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REVIEW: ‘Crying, Laughing, Waving, Smiling’ is an underwhelming, feel-good album

Courtesy+of+Lame-O-Records
Courtesy of Lame-O-Records

Slaughter Beach, Dog is an alternative rock/indie band fused with Christian folk and country flair. “Crying, Laughing, Waving, Smiling” is their fifth and newest album, released on Sept. 22. After two listens to it, it gave me the sense of a half-hour summer shower in the middle of a heatwave. It was a nice listen, but it was underwhelming, especially when I could see that it could’ve been much better. 

The album opens with “Surfin New Jersey,” a relaxing ballad about enjoying life and nature while surfing in New Jersey. It’s the perfect track to open the album. The background synths set the stage and pars that with the mellowness of Jake Ewald’s comforting vocals and “Mmm-hmms.” It immediately lets the listener know what kind of album they are in store for. 

“Strange Weather” introduces the more rock side of the album; however, it holds the band’s overall mellow feel while providing more kick in a balanced presentation. The lyrics tell of a love gone bad —  that the world seems strange and even the weather in it. 

“Float Away” is the best track on the album. Ewald sings more fluidly here, enunciating every line in a five to seven-syllable cadence. This flow is what makes it the best song on the album for me. It talks about a couple who have grown apart. The man misses her without realizing that, in remembering, he is creating his own pain. He refers to her as one who floated away. I like how this is written because it illustrates how it wasn’t a ruinous breakup but two people who weren’t on the same page anymore and naturally went separate ways. While the concept and theme are overdone, this is a serene, well-executed take on it.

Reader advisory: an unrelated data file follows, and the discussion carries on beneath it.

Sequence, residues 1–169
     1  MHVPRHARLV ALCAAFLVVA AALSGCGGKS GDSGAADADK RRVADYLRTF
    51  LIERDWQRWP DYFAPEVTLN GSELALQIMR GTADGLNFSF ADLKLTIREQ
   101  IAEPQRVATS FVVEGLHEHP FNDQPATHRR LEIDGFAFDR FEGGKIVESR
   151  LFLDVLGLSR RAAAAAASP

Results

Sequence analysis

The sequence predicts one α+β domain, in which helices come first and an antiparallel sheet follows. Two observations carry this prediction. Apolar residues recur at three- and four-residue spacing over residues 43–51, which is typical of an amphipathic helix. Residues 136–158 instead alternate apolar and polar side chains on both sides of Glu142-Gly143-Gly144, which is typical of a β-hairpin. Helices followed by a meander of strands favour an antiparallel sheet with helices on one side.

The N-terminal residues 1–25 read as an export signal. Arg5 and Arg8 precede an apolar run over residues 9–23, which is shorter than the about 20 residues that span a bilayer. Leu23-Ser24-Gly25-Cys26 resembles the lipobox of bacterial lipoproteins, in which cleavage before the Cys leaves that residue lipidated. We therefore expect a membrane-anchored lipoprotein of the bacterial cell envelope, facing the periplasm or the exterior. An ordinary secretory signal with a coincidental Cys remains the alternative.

“My Sister in Jesus Christ” is about Ewald telling his twin sister secrets. The writing in the chorus is a little confusing because I thought this was a close friend —  a “sister” in Jesus Christ — but it was Ewald’s actual sister. The melody is slower, but the verses jump pitch in harmonics, which gives the song a nice groove all the way through. 

“Summer Windows” recalls the struggles of being unable to convey essential and emotional things to people. However, when Ewald is able to do it, it is like opening windows to let in summer sunshine and air. I initially didn’t like this song, feeling too uninteresting. However, after more listening and inspection, the song grew on me. The melody perfectly conveys a soul sighing, which makes me appreciate it more than before. 

Unfortunately, the second half of the album dips in quality. “Bobcat Club” is Ewald reminiscing about going to a bar that is personal to him. The song is acoustic and leans heavily into the folk side of the album (many of these later tracks do this). Unlike “Summer Windows” and “Surfin New Jersey,” there isn’t much to the song. Despite a resounding snare in every half measure coupled with a nice strum-along, it’s flat and forgettable.